Getting L.U.C.K.y: Trading Up

This always feels like a tender topic. The idea of profiting in a trade is enough to make many people steer clear of trading altogether. Just so nobody misconstrues this, I am not talking about taking advantage of someone or “trade-rape” (which seems to be a popular term for it at the LGS). What I am attempting to cover is ways to make trading fair and advantageous for both parties involved. My goal when trading is to make sure that the person I’m trading with is happier with the results than I am.

There are times in a financier’s career where it can be hard to buy cards. Whether this is because of a cash shortage, seller shortage, or just getting beat to the draw by someone else, it happens to everyone. Even if there is something holding you back from buying, every Friday night, there is still a chance at profit. Trading can be very profitable for everyone involved if it’s done intentionally. You don’t do this by being “That Guy” though.

Don’t Be That Guy

Everyone knows “That Guy.” “That Guy” is the one that is always out to screw someone out of his hard-earned cardboard. “That Guy” will swindle a new player out of her [card]Mutavault[/card] for a [card]Fabled Hero[/card]. “That Guy” constantly values his cards higher than they are and yours lower. “That Guy” should be avoided like the plague. I know some store owners that won’t even let “That Guy” trade in their stores. “That Guy” gives everyone who makes a profit trading Magic cards a bad name.

How do I make a profit by keeping things fair? How can I benefit in a trade without screwing my trade partner? The same way that you’ve done it on video games for years. The same way that professional merchants have been doing it for centuries. If tea in China is higher than tea in England, what does a professional do? Is it unfair to the tea owners of England when you buy from them and sell to China? We actually have that situation in the Magic community. We call the parties involved Star City Games and TCGplayer. vs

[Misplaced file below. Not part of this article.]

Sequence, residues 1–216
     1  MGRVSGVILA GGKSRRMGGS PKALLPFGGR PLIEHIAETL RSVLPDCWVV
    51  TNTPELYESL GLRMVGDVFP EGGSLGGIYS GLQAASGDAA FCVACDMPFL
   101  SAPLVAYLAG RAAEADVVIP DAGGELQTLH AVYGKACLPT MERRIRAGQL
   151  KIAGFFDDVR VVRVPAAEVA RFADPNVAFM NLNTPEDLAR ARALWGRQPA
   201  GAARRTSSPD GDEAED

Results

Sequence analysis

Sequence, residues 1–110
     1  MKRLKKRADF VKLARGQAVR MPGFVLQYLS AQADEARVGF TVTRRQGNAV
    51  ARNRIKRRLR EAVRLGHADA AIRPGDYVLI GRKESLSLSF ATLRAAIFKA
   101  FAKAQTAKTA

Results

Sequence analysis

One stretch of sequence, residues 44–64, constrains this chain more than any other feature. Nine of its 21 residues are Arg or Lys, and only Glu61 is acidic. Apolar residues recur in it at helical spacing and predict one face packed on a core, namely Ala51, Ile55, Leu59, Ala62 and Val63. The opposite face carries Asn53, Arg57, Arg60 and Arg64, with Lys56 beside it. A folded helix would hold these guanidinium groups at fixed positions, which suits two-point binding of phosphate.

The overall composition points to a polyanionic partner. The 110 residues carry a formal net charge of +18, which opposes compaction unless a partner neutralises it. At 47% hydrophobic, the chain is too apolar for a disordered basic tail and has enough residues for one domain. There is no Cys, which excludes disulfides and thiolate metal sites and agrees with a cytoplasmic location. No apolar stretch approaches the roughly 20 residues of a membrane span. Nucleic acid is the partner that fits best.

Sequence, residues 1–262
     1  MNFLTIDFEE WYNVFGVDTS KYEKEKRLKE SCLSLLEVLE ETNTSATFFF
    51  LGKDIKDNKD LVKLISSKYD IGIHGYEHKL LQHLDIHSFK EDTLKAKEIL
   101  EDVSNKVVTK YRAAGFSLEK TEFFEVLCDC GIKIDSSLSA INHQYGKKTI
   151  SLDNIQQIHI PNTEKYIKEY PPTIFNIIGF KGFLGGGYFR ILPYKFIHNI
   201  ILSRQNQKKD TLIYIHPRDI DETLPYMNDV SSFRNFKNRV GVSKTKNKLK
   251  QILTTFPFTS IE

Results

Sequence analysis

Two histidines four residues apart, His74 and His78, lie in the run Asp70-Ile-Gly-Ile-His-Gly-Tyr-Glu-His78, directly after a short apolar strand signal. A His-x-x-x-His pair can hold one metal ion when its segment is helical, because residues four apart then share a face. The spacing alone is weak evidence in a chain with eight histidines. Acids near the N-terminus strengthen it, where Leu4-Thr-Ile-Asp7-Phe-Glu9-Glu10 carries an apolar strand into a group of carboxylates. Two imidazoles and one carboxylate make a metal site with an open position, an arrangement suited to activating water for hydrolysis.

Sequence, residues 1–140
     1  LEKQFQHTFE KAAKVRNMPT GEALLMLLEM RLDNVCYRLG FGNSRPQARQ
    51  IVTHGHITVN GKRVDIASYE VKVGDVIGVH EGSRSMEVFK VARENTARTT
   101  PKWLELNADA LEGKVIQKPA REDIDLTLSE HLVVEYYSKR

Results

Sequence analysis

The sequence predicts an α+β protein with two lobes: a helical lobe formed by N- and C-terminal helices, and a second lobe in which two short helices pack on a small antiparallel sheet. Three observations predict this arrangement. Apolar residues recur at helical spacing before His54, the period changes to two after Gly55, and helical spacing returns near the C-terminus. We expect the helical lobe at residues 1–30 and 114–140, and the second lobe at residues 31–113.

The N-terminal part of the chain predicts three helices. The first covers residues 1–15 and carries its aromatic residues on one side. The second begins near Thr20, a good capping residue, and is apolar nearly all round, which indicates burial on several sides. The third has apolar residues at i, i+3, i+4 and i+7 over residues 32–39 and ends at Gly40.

There is a lot of controversy over which of these sites is best to use when trading. There are pros and cons to both. Much has already been written on this subject, but I still want to add a bit. We all know that there are differences in price, but how does that help? Let’s say card A is $12 on TCGplayer and card B is $15. Both of them are going for $15 on SCG. Targeting certain cards with specific price differences is a great way to gain selling value while not screwing anyone over.

Let’s continue on this path. Now you have card B, worth $15 on both sites. It’s time to “trade up” to card C. Card C is worth $15 on TCGplayer and $20 on SCG. Then you may want to turn card C into card D, which is worth $20 on both SCG and TCGplayer. You see how you can turn $12 into $20 by trading?

It’s very important while doing this not to screw anyone. I want to take advantage of my knowledge and efforts, not take advantage of someone else. To make sure that you aren’t ripping anyone off, you need to follow a few rules:

  1. Use the pricing system that your trade partner is comfortable with. By asking which he prefers, you are operating in his comfort zone. This saves anyone from having hurt feelings after the trade.
  2. Make sure to clarify before trading. The last thing that you want to do is look at a binder, then decide you are using TCGplayer because of what you see. Again, we are taking advantage of knowledge, not people. Deciding after seeing a fellow trader’s wares starts us in the direction of being “That Guy.”
  3. Be honest on values, especially when you don’t know. If the last time I saw a price on [card]Misty Rainforest[/card] was last month, I will tell my trade partner that. Most everyone that I end up with either has a smart phone or has an annoying buddy watching every trade that has a smart phone. If you don’t know, ask.